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Doing Tech Presentations and Team Meetings in VR

by Brad Jones
Doing Tech Presentations and Team Meetings in VR

VR presentations and meetings are cool and hip - and you should be doing them.

Development, like many tech processes, can generally be done remotely, so the impact of a pandemic and social distancing can be minimal. Even so, developers must interact with others on a project to ensure success. Oftentimes, this includes meetings as well as presentations.

Why Use VR for a Tech Presentation or Meeting?

Many meetings are being done using tools such as Zoom and Microsoft Teams. These tools are great for discussions and sharing a screen, but leave a feeling of being remote and isolated. Another option to help bring people together in a manner that feels more engaged and better simulates being together in person is the use of Virtual Reality, through one of the many existing VR platforms for interacting.

Consider that one of the reasons people travel to corporate offices or other locations is to meet in person. This is not only for the human interaction and collaboration, but also for greater focus on the issues under discussion. VR simulates being in a live meeting, making engagement greater without the cost of travel.

What Can Be Done in a VR Tech Presentation or Meeting

While most of today’s VR platforms don’t provide life-like avatars, they do provide human-looking avatars and meeting places that can mimic meeting rooms or conference centers. For normal meetings, they can provide the same “sitting around the table” atmosphere, including the table. For conference presentations, they can provide the stadium seating feel as well as the large-scale projection screens that can be used for presentations.Presentations within many of the VR platforms can pull in the same PowerPoint decks, videos, and demos that would be done in a live conference center presentation. 

With some VR platforms, when doing a conference, multiple smaller rooms can be created to view the same presentation. This gives a more intimate feel for a conference or presentation while being able to support hundreds (or more) people. All individual rooms would see the same speaker and presentation at the same time. You can have the speakers on a stage with screens, a pointer, and a microphone just like a conference in real life. The stage can have a podium with a microphone that picks up conversation from those near it. People in the audience can whisper to the person sitting next to them if they want. A virtual microphone can also be handed out in an audience to allow attendees to ask a question of the presenter in the same manner as a live conference. After the presentation, the members in the audience can walk up to the stage and interact with the speaker just as if it were live. Of course, features from desktop conferencing and meetings such as chat windows, hand raising and screen sharing are options in some of the platforms as well.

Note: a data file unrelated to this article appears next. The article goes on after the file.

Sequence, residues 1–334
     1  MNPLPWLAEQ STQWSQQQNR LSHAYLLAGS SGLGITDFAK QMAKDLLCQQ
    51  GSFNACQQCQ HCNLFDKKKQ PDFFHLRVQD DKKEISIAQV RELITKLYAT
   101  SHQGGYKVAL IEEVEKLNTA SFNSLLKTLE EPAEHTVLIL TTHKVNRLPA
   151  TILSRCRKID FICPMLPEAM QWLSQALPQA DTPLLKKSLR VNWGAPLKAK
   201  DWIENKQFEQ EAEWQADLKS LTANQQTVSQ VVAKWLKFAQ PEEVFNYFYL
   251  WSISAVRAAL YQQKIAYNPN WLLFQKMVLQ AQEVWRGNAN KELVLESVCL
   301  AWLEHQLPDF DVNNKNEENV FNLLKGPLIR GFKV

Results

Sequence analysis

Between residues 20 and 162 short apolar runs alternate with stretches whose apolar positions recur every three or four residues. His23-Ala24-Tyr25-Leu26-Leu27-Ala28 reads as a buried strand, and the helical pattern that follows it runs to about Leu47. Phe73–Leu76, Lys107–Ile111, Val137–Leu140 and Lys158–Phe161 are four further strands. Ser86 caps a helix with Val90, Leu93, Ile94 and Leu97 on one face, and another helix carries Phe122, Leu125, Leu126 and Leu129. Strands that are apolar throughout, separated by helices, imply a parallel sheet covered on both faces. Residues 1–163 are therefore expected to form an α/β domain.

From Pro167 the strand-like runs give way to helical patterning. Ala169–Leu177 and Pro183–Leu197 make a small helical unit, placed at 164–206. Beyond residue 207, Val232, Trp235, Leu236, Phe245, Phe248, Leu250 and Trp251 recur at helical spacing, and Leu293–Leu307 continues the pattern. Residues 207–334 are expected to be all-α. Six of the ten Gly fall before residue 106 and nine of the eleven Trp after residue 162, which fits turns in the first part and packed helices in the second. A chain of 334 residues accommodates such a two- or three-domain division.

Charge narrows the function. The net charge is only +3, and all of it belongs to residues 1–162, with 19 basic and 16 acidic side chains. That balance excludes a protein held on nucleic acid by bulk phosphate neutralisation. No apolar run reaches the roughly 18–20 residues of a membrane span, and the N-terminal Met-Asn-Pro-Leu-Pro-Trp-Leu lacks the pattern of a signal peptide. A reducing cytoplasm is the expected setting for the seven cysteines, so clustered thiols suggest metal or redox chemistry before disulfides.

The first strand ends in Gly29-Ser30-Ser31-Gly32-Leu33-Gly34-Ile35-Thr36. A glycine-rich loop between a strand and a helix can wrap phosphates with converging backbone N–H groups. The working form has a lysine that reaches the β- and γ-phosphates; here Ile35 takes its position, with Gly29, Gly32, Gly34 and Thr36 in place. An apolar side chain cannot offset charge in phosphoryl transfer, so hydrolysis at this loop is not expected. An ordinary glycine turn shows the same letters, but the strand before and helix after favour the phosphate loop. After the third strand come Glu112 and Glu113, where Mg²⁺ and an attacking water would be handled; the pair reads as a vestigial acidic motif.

In short, a VR presentation can have nearly every benefit of being in person, but without the need to be in person. The primary disadvantage is the loss of the ability to see body language.

Platforms for Doing a Technical VR Presentation or Meeting

There are several platforms available for doing VR meetings and presentations. There are two that I’ll cover, Engage and AltspaceVR, followed by a list of other platforms that offer similar features.

Engage

Engage is presented as a virtual reality training and educational platform to make it easy to collaborate, create, and learn in VR. The platform allows you to do meetings as I’ve described earlier in this article, including virtual meeting rooms and conferences.

Engage also lets you build immersive environments that go beyond a standard classroom. It also allows for interactivity and collaboration. Just like in a real world conference room, you can do presentations, share videos, and engage in interactive white boarding where participants can collaborate. Such collaboration on white boards allows you to do planning and designing just as if you were in the same room.

Another benefit of VR platforms like Engage is that you can create virtual rooms or worlds that can help in your presentations or training. Instead of just showing slides of modeling, you can create 3D renderings that can be reviewed. For example, if you were working on an embedded systems project, you could mock up a device and its use within a VR world so that people could see how it looks.